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    MIGS driving the device market



    Many glaucoma drug and device manufacturers see IOP reductions in the 30% to 35% range. InnFocus prefers to deal in absolute values. That means a device that could reliably bring IOP down to 14 mm Hg or lower using an inert biomaterial, a shunt design that remains patent without hypotony or leaks and an antiproliferative drug to minimize the initial surgical insult. The result is the InnFocus MicroShunt.

    The shunt is made of styrene-isobutylene-styrene (SIBS), the same material used for Taxus-eluting coronary stents. The flexible 8.5-mm device has a 0.07-mm lumen, large enough to allow cells to pass and small enough to prevent hypotony.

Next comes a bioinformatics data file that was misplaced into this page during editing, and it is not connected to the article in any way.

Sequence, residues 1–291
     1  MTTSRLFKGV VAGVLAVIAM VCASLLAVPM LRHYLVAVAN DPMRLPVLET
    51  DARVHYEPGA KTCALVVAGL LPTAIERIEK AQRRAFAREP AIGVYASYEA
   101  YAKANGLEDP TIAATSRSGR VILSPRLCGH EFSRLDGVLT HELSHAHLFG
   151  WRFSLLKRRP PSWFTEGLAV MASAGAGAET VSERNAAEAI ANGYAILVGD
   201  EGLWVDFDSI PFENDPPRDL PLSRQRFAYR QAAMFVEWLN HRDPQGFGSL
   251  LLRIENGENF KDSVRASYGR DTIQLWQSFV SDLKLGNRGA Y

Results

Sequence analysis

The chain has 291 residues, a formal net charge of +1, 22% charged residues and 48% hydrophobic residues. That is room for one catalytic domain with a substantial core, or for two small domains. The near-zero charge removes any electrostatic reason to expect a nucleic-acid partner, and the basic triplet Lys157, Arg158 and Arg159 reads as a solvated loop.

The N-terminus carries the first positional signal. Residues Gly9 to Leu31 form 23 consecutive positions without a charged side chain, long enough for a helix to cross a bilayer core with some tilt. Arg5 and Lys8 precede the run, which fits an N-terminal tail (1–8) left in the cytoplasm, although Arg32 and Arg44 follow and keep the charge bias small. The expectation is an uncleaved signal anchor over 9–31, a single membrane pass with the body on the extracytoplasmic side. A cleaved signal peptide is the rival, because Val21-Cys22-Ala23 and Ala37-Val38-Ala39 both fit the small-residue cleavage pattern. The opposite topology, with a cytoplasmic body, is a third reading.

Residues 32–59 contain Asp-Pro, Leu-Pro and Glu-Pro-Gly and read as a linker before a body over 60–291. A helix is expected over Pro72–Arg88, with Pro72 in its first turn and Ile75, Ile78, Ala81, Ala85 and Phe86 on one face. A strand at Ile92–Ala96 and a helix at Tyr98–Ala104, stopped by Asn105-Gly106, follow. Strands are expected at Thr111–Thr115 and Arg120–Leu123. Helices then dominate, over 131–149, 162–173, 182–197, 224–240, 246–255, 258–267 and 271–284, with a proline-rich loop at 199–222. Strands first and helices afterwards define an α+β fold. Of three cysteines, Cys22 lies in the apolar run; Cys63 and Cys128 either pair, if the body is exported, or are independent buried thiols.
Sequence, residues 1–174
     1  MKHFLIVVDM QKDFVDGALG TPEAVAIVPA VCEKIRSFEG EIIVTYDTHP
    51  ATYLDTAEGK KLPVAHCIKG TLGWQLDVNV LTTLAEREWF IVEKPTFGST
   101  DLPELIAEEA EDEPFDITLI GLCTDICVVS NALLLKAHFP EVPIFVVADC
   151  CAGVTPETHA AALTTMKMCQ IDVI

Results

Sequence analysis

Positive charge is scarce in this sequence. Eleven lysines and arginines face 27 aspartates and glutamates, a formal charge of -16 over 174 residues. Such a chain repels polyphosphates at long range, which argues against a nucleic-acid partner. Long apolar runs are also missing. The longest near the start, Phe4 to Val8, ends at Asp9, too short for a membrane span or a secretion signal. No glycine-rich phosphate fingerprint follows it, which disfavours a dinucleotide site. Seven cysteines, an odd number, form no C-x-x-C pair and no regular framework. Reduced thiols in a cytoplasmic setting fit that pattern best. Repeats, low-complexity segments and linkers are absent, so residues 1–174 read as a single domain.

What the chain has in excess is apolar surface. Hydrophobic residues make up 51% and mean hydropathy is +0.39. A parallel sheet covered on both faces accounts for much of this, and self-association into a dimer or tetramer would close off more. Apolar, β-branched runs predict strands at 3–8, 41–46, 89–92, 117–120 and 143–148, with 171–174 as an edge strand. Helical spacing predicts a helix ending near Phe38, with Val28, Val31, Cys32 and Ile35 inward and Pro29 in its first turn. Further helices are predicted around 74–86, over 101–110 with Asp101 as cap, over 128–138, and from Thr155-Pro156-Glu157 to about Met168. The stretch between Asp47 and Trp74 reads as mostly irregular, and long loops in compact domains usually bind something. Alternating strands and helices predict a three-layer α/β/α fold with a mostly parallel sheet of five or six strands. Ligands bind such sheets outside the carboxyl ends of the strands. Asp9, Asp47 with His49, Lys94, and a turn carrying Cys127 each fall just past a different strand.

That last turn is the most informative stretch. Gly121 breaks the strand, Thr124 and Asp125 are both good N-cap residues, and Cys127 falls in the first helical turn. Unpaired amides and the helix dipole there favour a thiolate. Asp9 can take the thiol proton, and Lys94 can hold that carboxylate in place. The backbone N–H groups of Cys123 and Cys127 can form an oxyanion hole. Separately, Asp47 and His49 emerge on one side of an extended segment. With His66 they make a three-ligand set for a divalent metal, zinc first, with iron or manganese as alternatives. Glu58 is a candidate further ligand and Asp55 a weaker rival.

“Data from the Dominican Republic and France show an average IOP of 11.2 mm HG that is flat out beyond 2 years,” said Russ Trenary, president and CEO. “Our mean IOP reduction was 55% and 82% percent of eyes had an IOP under 14 mm Hg. We saw an 83% reduction in medication use and 89% of patients were off all glaucoma meds. There were no long-term, sight-threatening adverse events, no endophthalmitis, no chronic hypotony, no choroidal hemorrhage. Now we have to replicate those results in the United States.”

    A multicenter IDE trial began in 2013, he continued. The study will compared the InnFocus device to trabeculectomy with a 2-year follow up period.

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